By Rajiv Banerjee
In a few days, the “Cryptocurrency and regulation of Official Digital Currency Bill, 2021″ will be presented in the parliament. It has set the proverbial ‘cat among the pigeons’ amongst crypto players in India. The bill seeks to prohibit all private crypto players in India, even as the Government is looking to create a framework of the official digital currency to be issued by the Reserve Bank of India (RBI). It resulted in retail investors going short once the summary of the proposed bill hit social media. The proposed bill comes amidst a frenzy of advertising and marketing by cryptocurrency exchanges. There were celebrity endorsements, full page print advertisements and primetime spots on television by players to enhance visibility and hopefully get the Government to take a more amenable view on cryptocurrencies in India.
Regulation – a Must
While the overall tone and tenor of the proposed bill remains to be seen, it is not difficult to see the reasons behind the move by the Government to create an official digital currency in India. Cryptocurrency by its sheer nature works on cryptography and without any intermediary. No Government in the world will allow another currency beyond the sovereign currency and it is something both parties across the table have come to accept. The Reserve Bank of India, sometime back, announced a pilot for Centrally Backed Digital Currency (CBDC), which has been reiterated by the Government in the proposed bill. A digital rupee, backed by the sovereign currency, will be beneficial, and could further fuel the rise of digital payments in the country. CBDC has to be seen in the light of becoming a digital avatar of the Rupee and not as an instrument to trade in cryptocurrencies; at least not immediately. But, as this place evolves, there exists the possibility of such a scenario playing out in the time to come.
Advocacy for regulations also comes from the gold rush that is being witnessed in this space. With glamourous brand ambassadors, advertisements claiming safety and promising better returns than traditional instruments, it is an alluring prospect for retail investors to see cryptocurrencies as a quick money-making instrument. The truth, however, is cryptocurrencies backed by blockchain is constantly evolving. And retail investors in India are yet to acquire a certain level of understanding of the ebb and flow of the cryptocurrency market. The frantic selling of cryptocurrencies in India that followed with just a three-line mention on the proposed bill is an example of the tenuous relationship between investors and cryptocurrencies. Such scenarios are ripe for potential market failure due to asymmetric information, which the Government is cognizant about. Regulations will also separate the wheat from the chaff, thus ensuring only serious long-term players are in the game. Of course, in any arena, there will be fringe players who will look to make a quick buck by enticing gullible investors, but regulations will mean there are certain rules of the game, which ring-fences a large portion of retail investors.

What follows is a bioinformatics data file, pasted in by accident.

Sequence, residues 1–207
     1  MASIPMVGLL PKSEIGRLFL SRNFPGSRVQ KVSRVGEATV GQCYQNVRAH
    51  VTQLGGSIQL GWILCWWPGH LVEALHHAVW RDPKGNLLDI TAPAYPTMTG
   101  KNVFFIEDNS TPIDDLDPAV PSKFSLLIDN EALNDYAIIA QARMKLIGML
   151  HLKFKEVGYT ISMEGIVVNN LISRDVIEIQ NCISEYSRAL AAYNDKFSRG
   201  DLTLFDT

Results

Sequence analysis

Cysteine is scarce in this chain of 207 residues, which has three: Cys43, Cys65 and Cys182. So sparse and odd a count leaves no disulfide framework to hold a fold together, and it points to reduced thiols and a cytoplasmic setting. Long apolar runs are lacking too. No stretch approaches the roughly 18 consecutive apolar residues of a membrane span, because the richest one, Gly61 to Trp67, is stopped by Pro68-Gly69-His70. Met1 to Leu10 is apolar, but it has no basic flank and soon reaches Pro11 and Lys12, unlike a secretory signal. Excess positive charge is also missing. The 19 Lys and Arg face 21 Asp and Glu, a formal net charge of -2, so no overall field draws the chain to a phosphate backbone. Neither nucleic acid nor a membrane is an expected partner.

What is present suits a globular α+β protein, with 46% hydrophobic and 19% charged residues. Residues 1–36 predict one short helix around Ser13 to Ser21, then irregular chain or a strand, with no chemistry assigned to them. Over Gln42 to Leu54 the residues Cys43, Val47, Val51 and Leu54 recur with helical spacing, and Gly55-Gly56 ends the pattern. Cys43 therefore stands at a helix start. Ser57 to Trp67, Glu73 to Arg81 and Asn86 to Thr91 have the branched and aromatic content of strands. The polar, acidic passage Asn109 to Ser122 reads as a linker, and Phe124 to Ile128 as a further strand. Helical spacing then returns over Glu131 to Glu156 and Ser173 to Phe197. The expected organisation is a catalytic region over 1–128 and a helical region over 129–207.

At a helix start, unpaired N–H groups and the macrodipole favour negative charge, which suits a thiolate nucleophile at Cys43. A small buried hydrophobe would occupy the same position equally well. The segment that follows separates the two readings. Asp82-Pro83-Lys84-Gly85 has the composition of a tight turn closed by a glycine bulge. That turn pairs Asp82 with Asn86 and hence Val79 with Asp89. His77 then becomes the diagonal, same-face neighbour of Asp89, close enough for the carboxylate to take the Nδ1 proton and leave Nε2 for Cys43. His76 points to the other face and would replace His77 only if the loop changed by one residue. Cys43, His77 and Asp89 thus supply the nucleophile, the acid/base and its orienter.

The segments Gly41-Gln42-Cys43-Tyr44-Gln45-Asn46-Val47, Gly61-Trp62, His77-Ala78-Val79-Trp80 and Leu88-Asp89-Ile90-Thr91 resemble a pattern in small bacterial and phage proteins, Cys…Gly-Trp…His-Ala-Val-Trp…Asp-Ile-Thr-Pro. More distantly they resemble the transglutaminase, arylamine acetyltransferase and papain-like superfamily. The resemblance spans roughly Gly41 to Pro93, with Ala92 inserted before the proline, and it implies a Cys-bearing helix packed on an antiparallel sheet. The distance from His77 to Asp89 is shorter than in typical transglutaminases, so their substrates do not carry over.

Prohibition Yes, Ban No
Cryptocurrency players surely are waiting with bated breath to see how the line ‘prohibit all cryptocurrency players in India’ unravels in the coming time. Players are drawing confidence from the fact that considerable progress has been made from an outright ban, a few years back to prohibiting private players. Sure, the RBI has vociferously raised concerns and rightly so, but the Government would intend to regulate the market, like for example the capital markets, by creating certain thresholds to operate. This is to ensure that the foundations of the market are strong.
One assumption is that Government may ban or prohibit private cryptocurrencies, where transactions are hidden and therefore difficult to trace, unlike a public cryptocurrency, that has elements of traceability and will therefore be permitted.
Blockchain as a technology holds promise and is already in use, but cryptocurrency in the realm of crypto technology is yet to transit from the perception of a fad to a serious instrument. For all the numbers bandied about, there seems to be serious retail participation for now. But it doesn’t take much for a bull run to turn bearish, particularly in a space, which is evolving and still very much shrouded in complex and technical jargons. In the coming time, the proposed bill will hopefully pave the way for intervention by the Government to prevent market failures and ensure it is a market with many players, which paves the way for market equilibrium between demand and supply. The market will decide which players will stay and who falls by the side. And players, on their part, will have to play a pivotal role in educating and informing the public on the pros and cons of investing in cryptocurrencies.
– Rajiv Banerjee is a senior communications professional and is currently pursuing an advanced management program in Public Policy from ISB Hyderabad. Views expressed are personal.